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Technical Debt and Selling Rearchitecture
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Technical Debt and Selling Rearchitecture


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This is a presentation that covers origins of technical debt, how to deal with it and how to "sell it" management

This is a presentation that covers origins of technical debt, how to deal with it and how to "sell it" management

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  • 1. Technical Debt and Selling Rearchitecture 1 SERGEY SUNDUKOVSKIY PH.D.
  • 2. Introduction 2
  • 3. Agenda 3
  • 4. Technical Debt 4 Things slow down
  • 5. Debt 5 Everything you want to do “Later” is DEBT Let’s document later  Let’s test later  Let’s architect later  Let’s refactor later  Debt Misconceptions All debt is bad  No debt is great  Taking on debt always gets you there faster 
  • 6. Debt (Leverageable) 6
  • 7. Leveraging Debt 7 Debt Leverage Time to market – If taking on debt gets you to market disproportionately faster  Time to contact – If strategic contract is at stake debt might be worth it  Time to funding – If funding is at stake debt might be worth it  Time to survival – Debt is irrelevant if there is no tomorrow  Unacceptable Debt Non-leveragable debt  Debt due to ignorance 
  • 8. Technical Debt Elements 8 Technical Debt Elements Lack of Architectural Blueprint  Lack of Unit Testing  Lack of Integration Testing  Lack of Code Reviews  Lack of Starter Platform  Lack of Starter Framework  Lack of Technical Design  Lack of Development Recipes 
  • 9. Selling Debt Management 9
  • 10. Only If You Must 10 Debt Management Is Very Hard To Sell Cause and effect is not immediately apparent  ROI is very difficult to quantify  Definition of done is hard to come up with  Perpetual projects are not crowd pleasers  Users are not even aware that backend of apps even exists. UX/UI in user’s mind is the app itself 
  • 11. Only If You Must (cont.) 11 If You Can Help It, Do Not Sell It Schedule feature holidays (every 5th release)  Refactor as you go  Make debt management as part of the process  Give estimates considering debt management  Invite outside experts  If You Must Sell It Tell CEO/CTO story  Use aircraft maintenance strategy 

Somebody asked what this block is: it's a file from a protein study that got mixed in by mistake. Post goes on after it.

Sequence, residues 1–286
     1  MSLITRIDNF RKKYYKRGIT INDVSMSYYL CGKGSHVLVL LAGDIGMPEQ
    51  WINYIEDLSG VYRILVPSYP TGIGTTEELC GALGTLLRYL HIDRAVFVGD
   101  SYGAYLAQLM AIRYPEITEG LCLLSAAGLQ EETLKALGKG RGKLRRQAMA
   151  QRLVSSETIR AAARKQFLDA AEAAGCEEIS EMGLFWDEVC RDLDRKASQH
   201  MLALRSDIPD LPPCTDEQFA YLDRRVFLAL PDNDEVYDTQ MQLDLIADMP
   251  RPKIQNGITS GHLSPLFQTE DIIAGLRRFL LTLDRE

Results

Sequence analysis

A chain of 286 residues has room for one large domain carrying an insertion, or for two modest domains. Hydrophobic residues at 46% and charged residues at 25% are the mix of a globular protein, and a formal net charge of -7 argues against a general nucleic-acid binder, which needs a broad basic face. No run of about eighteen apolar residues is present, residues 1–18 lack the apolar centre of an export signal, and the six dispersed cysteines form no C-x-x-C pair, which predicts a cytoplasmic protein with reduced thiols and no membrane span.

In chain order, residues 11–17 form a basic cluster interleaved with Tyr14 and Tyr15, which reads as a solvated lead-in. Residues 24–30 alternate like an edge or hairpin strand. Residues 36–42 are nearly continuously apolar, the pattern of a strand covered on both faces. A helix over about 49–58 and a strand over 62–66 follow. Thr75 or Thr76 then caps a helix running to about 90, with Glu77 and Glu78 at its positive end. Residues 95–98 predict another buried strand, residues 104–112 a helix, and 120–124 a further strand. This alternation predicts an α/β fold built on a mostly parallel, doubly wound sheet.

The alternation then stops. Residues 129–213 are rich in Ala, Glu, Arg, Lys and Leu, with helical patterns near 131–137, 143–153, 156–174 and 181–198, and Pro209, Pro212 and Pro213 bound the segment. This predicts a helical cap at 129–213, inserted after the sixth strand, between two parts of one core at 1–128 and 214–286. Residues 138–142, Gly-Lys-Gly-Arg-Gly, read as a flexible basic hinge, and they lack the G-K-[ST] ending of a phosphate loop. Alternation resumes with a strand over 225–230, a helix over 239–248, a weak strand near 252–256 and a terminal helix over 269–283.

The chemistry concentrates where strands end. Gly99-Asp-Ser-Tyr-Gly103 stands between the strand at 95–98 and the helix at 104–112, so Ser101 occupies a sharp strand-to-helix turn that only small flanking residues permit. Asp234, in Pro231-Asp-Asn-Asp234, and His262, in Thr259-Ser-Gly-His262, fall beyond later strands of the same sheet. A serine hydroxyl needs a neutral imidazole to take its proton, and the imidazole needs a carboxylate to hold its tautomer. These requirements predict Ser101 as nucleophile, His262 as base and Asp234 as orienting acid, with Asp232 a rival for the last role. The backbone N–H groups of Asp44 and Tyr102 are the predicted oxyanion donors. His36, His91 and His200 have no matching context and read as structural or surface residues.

• 12. Debt Story 12 I have not seen organs like this
  • 13. Common Story 13 CEOs Tale We were very productive  We kicked ass  We became complacent  I fired them all  I hired a new team  They are not productive either  Must have chosen wrong  I fired them all  SAVE ME 
  • 14. Common Story 14 CTOs Tale We were very productive through debt accumulation  We kicked ass but burned out  We slowed down due to increasing debt support  We got fired  New team got hired  It does not know where skeletons are buried  We got fired as well  I have Not Seen Organs Like These 
  • 15. Support to Innovation Ratio 15 Year 1 Year 2 Year 3 Support (15%) Innovation (85%) Support (50%) Support (85%) Innovation (50%) Innovation (15%) Support cost is a euphemism for debt
  • 16. Debt Creeps Up on You 16 Yup it is kind of like that
  • 17. Broken Window Theory 17 One broken window leads to ruin
  • 18. Broken Window Theory 18 Do sweat the small stuff
  • 19. Due Diligence 19 Due Diligence is a an exercise of debt discovery
  • 20. Case Study 1 (Sample Due Diligence) 20 No Middle Tier Frameworks Code Entanglement Lots of Dead Code Poor Exception Handling High Coupling Low Encapsulation Absence of Higher Order Services Lack of Documented Architectural Blueprint
  • 21. Case Study 1 (Sample Due Diligence) 21 What does this mean? Increased Maintenance Cost  Difficulty Extending  Difficulty Hiring  Developer Lock In  Technical “Debt” That Needs To Be Repaid  Debt quantification  $200K
  • 22. Case Study 1 (Recommendations) 22 Refactor dead code Refactor code entanglement Refactor logic segmentation Introduce architectural blueprint Introduce unit, integration and functional tests Introduce persistence and decency injection frameworks Implement CIA/CEO principles
  • 23. Case Study 2 (Rearchitecture) 23 Sold It as a Project, Failed to Complete Political “hot” potato  No interim deliverable  Very expensive  Affected by business downturn 